Though their match would make anyone question the algorithms that power online dating apps, Felix’s low regard for Alice’s literary eminence seems to make him even more attractive to her. The progress of Eileen and Simon’s episodic romance is shadowed by his succession of relationships with other women. But through it all, there is undeniable physical and emotional chemistry in these pairings, and Rooney effectively maintains our uncertainty about whether they will flower or wilt.

In addition to conventional narrative, Rooney relies on a technique that seems simultaneously timeless and utterly contemporary. While not truly an epistolary novel, lengthy and erudite email exchanges between Alice and Eileen are central to revealing their concerns and their character. In them, the self-proclaimed Marxists ruminate on subjects that include, in addition to climate change, the evils of capitalism, and the ticking of their biological clocks, Eileen’s belief that “civilisation is presently in its decadent declining phase and that lurid ugliness is the predominant visual feature of modern life,” and Alice’s disdain for the “colossal speed and waste and godlessness of the twentieth century.” But even as they discourse on these weighty subjects, a portrait of their friendship emerges organically.

The emails allow Rooney to vent about the literary world that has elevated her to superstar status before age 30, something she does with biting wit. Alice, on her first date with Felix and in answer to his curiosity about what her books are about, replies, “Oh, I don’t know. People.” She dismisses herself as a “widely despised celebrity novelist” and observes that she can’t read contemporary novels anymore “because I know too many of the people who write them.” When they’re not complaining about “not enough publicity, or bad reviews, or someone else making more money,” she says they’re writing “their sensitive little novels about ‘real life.’ The truth is they know nothing about real life. Most of them haven’t so much as glanced up against the real world in decades.”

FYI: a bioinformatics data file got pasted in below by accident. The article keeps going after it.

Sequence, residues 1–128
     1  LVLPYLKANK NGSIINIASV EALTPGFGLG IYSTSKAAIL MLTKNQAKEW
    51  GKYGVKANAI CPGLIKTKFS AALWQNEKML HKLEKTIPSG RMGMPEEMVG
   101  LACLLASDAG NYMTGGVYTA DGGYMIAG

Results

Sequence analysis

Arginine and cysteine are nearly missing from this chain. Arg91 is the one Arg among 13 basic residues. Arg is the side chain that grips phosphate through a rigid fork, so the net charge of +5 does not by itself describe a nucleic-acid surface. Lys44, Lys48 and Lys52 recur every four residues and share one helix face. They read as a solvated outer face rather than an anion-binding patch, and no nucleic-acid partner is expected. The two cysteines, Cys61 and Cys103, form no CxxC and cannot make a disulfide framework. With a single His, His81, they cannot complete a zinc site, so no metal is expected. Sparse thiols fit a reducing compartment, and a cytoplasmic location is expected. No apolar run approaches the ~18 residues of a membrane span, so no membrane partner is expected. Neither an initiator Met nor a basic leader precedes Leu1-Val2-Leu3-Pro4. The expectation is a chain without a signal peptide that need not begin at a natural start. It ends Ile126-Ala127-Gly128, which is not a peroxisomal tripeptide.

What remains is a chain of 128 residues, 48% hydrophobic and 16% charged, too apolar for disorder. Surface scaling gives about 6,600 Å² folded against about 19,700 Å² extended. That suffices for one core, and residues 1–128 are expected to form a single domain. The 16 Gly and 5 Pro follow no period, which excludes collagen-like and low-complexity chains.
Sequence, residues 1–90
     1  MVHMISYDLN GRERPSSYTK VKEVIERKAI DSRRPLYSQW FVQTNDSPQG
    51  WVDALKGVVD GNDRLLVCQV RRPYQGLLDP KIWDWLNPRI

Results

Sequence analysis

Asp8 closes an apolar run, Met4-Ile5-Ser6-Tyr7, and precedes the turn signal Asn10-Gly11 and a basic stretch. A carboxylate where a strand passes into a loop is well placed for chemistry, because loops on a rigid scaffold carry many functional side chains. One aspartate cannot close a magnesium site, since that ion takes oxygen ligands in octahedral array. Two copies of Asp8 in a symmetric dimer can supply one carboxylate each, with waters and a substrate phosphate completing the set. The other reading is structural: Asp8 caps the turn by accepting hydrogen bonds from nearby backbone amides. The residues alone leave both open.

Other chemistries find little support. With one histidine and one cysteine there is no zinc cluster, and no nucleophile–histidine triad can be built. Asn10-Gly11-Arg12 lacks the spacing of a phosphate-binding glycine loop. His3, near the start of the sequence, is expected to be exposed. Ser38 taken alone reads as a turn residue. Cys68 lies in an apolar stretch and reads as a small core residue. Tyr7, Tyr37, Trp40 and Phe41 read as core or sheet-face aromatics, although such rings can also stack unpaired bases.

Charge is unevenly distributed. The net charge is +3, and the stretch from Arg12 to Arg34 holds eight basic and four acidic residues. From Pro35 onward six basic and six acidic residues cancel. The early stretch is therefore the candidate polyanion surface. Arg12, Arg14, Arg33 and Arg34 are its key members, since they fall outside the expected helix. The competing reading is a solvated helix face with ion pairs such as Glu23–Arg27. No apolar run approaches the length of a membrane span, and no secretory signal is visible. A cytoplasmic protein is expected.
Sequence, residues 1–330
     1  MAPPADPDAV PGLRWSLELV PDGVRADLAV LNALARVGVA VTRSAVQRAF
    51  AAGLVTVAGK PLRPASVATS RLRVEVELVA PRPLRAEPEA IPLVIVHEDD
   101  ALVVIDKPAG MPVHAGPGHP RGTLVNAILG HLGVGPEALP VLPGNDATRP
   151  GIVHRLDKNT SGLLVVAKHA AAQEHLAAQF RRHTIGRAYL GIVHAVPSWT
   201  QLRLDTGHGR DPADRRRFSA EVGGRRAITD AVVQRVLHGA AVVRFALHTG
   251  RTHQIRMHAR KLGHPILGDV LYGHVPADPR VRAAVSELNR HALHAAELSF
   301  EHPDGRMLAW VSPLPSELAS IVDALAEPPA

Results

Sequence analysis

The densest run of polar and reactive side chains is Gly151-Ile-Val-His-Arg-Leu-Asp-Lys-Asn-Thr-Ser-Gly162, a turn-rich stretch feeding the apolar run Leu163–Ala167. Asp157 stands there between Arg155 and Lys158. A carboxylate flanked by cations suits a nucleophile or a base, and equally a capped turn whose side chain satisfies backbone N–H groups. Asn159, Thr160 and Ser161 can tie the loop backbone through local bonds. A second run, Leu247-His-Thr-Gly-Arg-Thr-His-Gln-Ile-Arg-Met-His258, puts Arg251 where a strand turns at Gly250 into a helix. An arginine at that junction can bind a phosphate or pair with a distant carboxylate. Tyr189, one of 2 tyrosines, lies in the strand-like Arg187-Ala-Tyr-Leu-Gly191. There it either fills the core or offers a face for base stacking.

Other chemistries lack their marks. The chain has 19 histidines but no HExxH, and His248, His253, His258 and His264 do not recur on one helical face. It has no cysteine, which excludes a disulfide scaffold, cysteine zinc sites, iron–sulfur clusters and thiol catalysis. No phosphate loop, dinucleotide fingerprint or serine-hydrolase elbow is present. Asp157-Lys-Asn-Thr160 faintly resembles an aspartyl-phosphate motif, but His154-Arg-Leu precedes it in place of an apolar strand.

Whatever the source of Rooney’s own inspiration, her characters feel undeniably real. No one would characterize her as an experimental novelist, but here she displays a fondness for an unorthodox style that features paragraphs extending for multiple pages in which she embeds extensive conversational exchanges that are both true to life and somehow at a slight, but thoughtful, remove from it. She’s such a lucid writer, however, that there’s no risk of getting lost in what, in the hands of a lesser novelist, might turn into an impenetrable verbal thicket.

It’s been barely four years since CONVERSATIONS WITH FRIENDS appeared. There are promising young novelists whose subsequent works don’t excite the same interest as their debuts. But now, three novels into her career, it’s clear that Sally Rooney’s stature is well-earned. We’ll be looking forward eagerly to her work for years to come.

Reviewed by Harvey Freedenberg on September 17, 2021

Beautiful World, Where Are You
by Sally Rooney

  • Publication Date: September 7, 2021
  • Genres: Fiction, Women's Fiction
  • Hardcover: 368 pages
  • Publisher: Farrar, Straus and Giroux
  • ISBN-10: 0374602603
  • ISBN-13: 9780374602604